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Supreme Court Reduces Sentence Of Convict On Ground Of Absence Of Intention To Kill

Shivani Negi ,
  31 July 2023       Share Bookmark

Court :
Supreme Court of India
Brief :

Citation :
Criminal Appeal No. 2043 Of 2023

Date of Order:

20th July 2023


Justice BR Gavai

Justice J.B Pardiwala









  • The appeal seeks to overturn the High Court’s dismissal of the appellant’s appeal, arguing that the order of conviction and sentence was affirmed.
  • The appellant’s intent to cause death was not considered under Section 300 of the IPC, and the appeal was partially allowed, leading to a five-year prison sentence.


  • Section 300 IPC
  • Section 304 IPC


  • The appellant, Balasubramaniam, was an agriculturist in Tamil Nadu, who owned land in Sirukinathupalayam. Balasubramaniam had a pathway leading to the appellant’s land, which he had issues with. On 25.10.2015, Balasubramaniam threatened the driver of a lorry to not drive through the pathway leading to the appellant’s agriculture field. 
  • The appellant asked the driver to move the lorry to his field, which was questioned by the deceased. The appellant, after verbal altercation, allegedly picked up a “Hoe” and inflicted a single blow on the deceased’s head, causing the deceased to fall unconscious and later die in the hospital.
  • The FIR was lodged on 25.10.2015 at 19.30 Hrs., and the police filed a charge sheet for murder. The case was committed to the Court of Sessions, where PW 8 Chidambaram and PW 9 Jeeva were the main witnesses. Both eye witnesses claimed the appellant and the deceased verbally altered the path, and the appellant inflicted one blow with the weapon of offense on the deceased’s head, leading to his death.
  • The Trial Court deemed the case a culpable homicide not punishable under Section 302 of the IPC, based on evidence and genesis of the occurrence. The High Court ruled that the trial court was right in holding the appellant guilty. The appellant appeals.


  • Senior counsel, Mr. S. Nagamuthu, argues for appellant’s change in conviction from Section 304 Part I to Section 304 Part II, reducing sentence and avoiding merits appeal.


  • Dr. Joseph Aristotle S. argued that the Trial Court and High Court rightly convicted the appellant for the offense punishable under Section 304 Part I of the IPC. He argued that the case falls within clause thirdly of Section 300 of the IPC, and therefore, the courts rightly convicted the appellant.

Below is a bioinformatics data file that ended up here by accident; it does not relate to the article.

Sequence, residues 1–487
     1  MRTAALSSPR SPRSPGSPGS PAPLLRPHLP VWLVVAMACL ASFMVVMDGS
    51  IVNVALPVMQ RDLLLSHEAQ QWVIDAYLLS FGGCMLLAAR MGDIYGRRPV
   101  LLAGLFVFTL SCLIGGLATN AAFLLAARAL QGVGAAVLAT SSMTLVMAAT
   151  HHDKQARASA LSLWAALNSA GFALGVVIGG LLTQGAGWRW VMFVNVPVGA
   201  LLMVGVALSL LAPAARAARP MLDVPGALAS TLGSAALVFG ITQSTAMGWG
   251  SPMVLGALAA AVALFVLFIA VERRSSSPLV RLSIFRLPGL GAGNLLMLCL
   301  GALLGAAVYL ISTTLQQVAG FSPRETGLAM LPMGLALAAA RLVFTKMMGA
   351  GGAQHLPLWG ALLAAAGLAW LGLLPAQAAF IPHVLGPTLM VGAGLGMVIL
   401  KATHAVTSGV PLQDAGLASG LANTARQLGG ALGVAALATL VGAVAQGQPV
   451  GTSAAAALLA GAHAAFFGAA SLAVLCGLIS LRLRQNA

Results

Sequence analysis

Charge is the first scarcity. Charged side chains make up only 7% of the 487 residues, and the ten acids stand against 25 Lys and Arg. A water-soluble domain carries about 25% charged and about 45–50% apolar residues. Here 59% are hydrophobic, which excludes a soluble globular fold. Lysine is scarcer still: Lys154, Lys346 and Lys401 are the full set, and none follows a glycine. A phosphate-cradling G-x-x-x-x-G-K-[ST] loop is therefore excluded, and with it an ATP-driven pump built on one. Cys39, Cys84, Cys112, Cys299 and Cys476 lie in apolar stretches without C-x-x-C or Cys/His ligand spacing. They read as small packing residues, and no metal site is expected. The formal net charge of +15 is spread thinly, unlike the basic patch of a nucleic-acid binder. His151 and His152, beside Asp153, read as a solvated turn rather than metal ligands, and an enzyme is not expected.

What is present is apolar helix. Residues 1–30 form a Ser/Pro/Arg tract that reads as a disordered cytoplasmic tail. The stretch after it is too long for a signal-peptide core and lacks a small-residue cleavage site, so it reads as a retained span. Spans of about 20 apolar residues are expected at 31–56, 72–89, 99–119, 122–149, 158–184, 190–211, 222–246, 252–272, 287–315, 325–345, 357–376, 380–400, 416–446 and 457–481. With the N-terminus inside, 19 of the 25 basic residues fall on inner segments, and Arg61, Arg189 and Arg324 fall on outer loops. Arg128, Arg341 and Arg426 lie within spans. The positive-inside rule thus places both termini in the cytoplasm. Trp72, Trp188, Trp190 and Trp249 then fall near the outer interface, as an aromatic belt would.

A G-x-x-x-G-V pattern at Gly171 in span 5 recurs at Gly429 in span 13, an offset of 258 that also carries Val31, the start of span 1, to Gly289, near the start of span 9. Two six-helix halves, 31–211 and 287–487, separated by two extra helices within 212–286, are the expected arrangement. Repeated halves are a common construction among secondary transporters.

• The case is argued that the accused only has knowledge of the likelihood of causing death, not the intention to kill. The distinction between intent and knowledge is unclear.
  • The IPC defines culpable homicide and murder by imputing the accused’s intention or knowledge when they committed the act causing the death. The framers used the words ‘intention’ and ‘knowledge’ to distinguish between knowledge and intention. Knowledge of potential consequences is not the same as intention to cause them. In cases where mens rea is not required, awareness of harmful consequences is considered knowledge.
  • To prove culpable homicide, either specific intentions must be proven. However, even without intention, the offence is culpable if the acter causes death with knowledge that the result may result in death.
  • The principles in Virsa Singh v. State of Punjab provide guidelines for courts to exercise judicial discretion in determining clauses of Section 300 of the IPC. The court has discussed the distinction between Sections 299 and 300, ‘culpable homicide’ and ‘ murder’, and noted that confusion may arise if courts lose sight of the true scope and meaning of the terms used. The safest approach is to focus on the keywords used in the various clauses of these sections.
  • The court must determine the accused’s intention or knowledge in committing an offense. If the intention is described in Clauses (1) to (4) of Section 300 of the IPC, the act is considered murder even if only a single injury was caused. 
  • Section 304 of the IPC has two parts: the first establishes the crime of murder and grants the accused an exception to Section 300, while the second never establishes the crime. The accused cannot bring their case within the exceptions.
  • The question is whether the appellant intended to cause bodily injury sufficient to cause death. The appellant could only be attributed with knowledge of the injury’s potential cause, so the case does not fall under Section 300 of the IPC.


  • The appeal was partially allowed, with the appellant’s conviction altered to Section 304 Part II, and he was sentenced to rigorous imprisonment for five years.
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